HMRC takes a battering in cake shop VAT caseby
When HMRC issued assessments based on best judgment for a cake and sandwich shop business, the first tier tribunal ticked the tax authority off for poor calculations.
In this case involving VAT assessments of cake and sandwich shops, HMRC issued an assessment and suspended penalty based on a best judgment valuation. The first tier tribunal (FTT) directed that the assessment be reduced finding that HMRC had made errors for the bulk of the assessment and allowed the appeal for one VAT period.
Aleksander Vinni owned two sandwich and patisserie bars, both with a small amount of seating, but essentially take-away businesses. The VAT retail point-of-sale scheme as set out in Public Notice 727/3 was used to account for VAT. Before the FTT (Aleksander Vinni trading as Honey Cake Patisserie and Sandwich Bar vs HMRC [TC08976]) Vinni said that staff were trained to identify whether sales were standard (SR) or zero-rated (ZR) and that his tills were able to process such sales. His wife produced a daily Z report and she also checked for errors, as did Vinni before he passed the records to his accountant who completed his VAT returns.
Visits and assessment
Routine checks by HMRC flagged up low levels of SR sales for a business of its type and size and a test visit was made by an officer to one sandwich bar. The officer concluded that SR sales were around 11%, against an expected figure of 25% to 35% for that type of business. A further unplanned visit was made to the other premises where expected SR sales were calculated as 55% of total sales, whereas the Z report suggested 25%. The officer met with Mr and Mrs Vinni at a further visit with their accountant and Vinni was asked to undertake a self-invigilation of records for a two-week period. Following the results, HMRC wrote to Vinni confirming the 55% figure from the first visit and that for the two-week invigilation the proportion of SR sales was 33.58%.
After further correspondence, HMRC issued assessments for periods 06/14 to 03/18 based on the two-week invigilation of 33.58% SR sale along with a penalty suspended for six months. A further assessment was issued for period 03/19.
Under VATA 1994 s73 HMRC has powers to use best judgment where it believes records are incomplete or incorrect. The FTT referred to the leading Court of Appeal and High Court cases on the subject of best judgment – Rahman trading as Khayam Restaurant vs HMCE, , Van Boeckel vs HMCE  and HMCE vs Pegasus Birds . In both Pegasus Birds and Rahman No 2 the courts considered whether best judgment had been made and whether the sums assessed were correct. In Van Boeckel, Woolf J set out three tests: firstly, HMRC must make a value judgment on the material set before it honestly and bona fide and not knowingly set an inflated figure and then expect the taxpayer to disprove it on appeal; secondly, there must be material available; and thirdly HMRC is not expected to do the work of the taxpayer but instead fairly interpret the material before it and come to a reasonable conclusion rather than an arbitrary one.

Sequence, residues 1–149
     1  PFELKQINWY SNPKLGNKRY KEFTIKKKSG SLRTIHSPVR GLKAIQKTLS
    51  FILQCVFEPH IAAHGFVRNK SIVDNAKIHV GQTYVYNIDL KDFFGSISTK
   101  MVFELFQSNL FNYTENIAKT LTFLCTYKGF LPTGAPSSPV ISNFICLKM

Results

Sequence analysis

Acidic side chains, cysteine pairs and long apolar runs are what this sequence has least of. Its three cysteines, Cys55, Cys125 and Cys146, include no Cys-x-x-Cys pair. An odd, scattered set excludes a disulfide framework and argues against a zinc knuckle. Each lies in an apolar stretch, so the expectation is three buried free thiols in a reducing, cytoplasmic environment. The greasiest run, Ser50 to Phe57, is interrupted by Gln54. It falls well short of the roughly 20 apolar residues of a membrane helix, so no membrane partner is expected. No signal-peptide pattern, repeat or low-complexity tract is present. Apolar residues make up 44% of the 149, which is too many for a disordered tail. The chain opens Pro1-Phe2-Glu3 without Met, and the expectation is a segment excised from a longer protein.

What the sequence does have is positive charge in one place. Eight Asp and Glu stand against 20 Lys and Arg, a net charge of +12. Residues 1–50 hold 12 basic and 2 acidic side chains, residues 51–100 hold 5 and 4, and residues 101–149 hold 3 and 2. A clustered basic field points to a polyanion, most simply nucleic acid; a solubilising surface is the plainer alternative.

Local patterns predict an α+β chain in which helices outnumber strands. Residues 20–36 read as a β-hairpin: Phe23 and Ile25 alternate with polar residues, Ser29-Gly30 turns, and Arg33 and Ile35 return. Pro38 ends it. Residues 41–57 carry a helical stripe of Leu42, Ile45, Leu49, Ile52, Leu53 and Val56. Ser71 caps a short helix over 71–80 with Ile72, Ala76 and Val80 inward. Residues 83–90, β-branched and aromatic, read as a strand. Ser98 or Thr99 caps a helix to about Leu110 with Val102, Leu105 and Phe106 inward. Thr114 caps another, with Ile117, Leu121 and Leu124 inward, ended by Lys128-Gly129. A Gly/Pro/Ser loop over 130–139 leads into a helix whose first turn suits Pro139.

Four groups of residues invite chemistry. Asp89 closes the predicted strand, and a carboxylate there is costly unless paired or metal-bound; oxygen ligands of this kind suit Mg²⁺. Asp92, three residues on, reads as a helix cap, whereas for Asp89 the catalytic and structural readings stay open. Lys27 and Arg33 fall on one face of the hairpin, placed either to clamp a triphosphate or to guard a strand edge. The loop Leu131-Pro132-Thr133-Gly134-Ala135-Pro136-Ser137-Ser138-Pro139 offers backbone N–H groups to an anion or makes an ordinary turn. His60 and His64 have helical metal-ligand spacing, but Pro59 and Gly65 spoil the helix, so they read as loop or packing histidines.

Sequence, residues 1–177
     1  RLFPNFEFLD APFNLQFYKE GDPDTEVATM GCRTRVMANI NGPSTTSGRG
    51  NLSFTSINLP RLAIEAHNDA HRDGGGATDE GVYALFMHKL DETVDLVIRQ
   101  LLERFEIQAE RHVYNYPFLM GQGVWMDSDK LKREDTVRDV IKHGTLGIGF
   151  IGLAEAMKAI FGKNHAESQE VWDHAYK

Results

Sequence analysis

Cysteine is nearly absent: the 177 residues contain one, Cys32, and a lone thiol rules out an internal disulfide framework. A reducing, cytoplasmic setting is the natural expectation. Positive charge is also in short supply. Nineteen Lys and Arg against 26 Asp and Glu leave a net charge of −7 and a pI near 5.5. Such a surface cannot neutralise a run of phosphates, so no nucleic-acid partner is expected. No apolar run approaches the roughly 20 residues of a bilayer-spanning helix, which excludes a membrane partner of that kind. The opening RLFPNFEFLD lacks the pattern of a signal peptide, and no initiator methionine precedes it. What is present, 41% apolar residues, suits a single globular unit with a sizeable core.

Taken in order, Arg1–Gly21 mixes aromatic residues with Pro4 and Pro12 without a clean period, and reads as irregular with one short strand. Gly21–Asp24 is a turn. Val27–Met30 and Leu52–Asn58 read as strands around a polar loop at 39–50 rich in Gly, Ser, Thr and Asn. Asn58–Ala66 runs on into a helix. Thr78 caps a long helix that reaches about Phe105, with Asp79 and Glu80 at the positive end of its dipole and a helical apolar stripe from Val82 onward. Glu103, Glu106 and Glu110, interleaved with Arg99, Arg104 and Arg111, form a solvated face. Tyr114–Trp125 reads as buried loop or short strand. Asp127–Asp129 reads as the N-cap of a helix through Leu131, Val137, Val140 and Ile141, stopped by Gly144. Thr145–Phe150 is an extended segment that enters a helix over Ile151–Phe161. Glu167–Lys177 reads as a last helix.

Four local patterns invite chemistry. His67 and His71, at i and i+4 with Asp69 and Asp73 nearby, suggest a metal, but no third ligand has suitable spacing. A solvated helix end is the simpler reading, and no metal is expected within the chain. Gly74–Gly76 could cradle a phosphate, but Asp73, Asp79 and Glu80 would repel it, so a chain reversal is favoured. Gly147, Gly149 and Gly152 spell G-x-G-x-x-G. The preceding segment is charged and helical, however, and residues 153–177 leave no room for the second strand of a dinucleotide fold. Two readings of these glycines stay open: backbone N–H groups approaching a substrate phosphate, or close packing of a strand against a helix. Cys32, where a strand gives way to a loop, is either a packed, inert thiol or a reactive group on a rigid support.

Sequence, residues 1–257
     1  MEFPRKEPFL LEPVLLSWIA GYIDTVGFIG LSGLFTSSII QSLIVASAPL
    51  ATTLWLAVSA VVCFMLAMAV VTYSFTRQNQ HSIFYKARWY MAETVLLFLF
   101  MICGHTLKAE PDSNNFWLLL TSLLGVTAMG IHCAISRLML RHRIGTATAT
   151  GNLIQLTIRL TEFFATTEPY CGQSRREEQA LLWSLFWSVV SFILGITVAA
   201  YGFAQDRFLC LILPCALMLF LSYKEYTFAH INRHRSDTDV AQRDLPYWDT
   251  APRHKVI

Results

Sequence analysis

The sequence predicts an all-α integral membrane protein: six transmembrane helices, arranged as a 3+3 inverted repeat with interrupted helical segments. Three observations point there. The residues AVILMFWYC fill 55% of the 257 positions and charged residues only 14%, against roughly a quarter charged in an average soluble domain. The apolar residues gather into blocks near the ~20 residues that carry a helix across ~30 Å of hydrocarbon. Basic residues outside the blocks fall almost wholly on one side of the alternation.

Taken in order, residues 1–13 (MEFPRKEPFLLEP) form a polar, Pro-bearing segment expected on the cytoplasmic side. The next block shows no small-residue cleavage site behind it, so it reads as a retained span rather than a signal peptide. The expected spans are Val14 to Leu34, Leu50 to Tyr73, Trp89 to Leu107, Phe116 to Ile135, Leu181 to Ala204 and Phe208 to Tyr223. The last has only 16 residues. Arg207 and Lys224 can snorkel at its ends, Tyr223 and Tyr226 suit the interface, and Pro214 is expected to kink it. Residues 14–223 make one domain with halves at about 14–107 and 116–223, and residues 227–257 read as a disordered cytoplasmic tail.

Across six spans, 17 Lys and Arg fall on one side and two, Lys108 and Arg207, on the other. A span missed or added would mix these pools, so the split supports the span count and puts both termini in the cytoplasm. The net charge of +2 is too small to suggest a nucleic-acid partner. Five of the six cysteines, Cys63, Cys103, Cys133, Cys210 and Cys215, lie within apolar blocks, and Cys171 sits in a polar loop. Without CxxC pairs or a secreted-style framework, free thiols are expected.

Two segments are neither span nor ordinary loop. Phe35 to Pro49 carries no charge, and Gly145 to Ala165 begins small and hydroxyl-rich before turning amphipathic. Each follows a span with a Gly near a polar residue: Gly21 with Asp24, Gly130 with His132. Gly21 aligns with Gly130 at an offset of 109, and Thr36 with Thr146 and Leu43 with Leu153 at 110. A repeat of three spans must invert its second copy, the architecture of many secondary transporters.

The appellant alleged that the officer acted dishonestly and capriciously in formulating the assessment including not providing an interpreter, arithmetical errors, and not taking into account Vinni’s explanations about corporate sales, the effect of the weather and times when the shops were not open.
The test of honesty
To set aside the assessment would require HMRC to have failed the test of honesty and whether a genuine attempt at a reasoned assessment had been made. This is a high bar not met in this case.
However, the FTT used its powers to direct that the assessment be recalculated as HMRC had made errors in its calculation, some not material but others more so especially in ignoring ZR corporate sales. The result was that HMRC’s calculations during the two-week self-invigilation were incorrectly skewed towards SR sales. There was one outstanding matter for period 03/19 where HMRC had assessed the appellant for making an incorrect adjustment for an earlier period. HMRC was wrong to deny the adjustment which adjusted an over-declaration of VAT and HMRC had acted arbitrarily and outside of the test for best judgment.
With regards to the penalty as it had been suspended and then cancelled there was no decision against which an appeal could be made.
The FTT reduced the assessment, criticising HMRC for failing to listen to issues raised by the appellant but also for basic errors in calculating the amount of VAT due. Given the matter had already been internally reviewed it begs the question how often best judgment assessments are accurately calculated and whether HMRC’s internal review system, which might have led to the matter never reaching tribunal, actually works.
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James has over 30 years experience in VAT having trained with HM Customs & Excise he has worked in practice, including a Big Four firm as well as running his own consultancy. He also has extensive experience in public sector VAT, as well as previously advising the Federation of small businesses.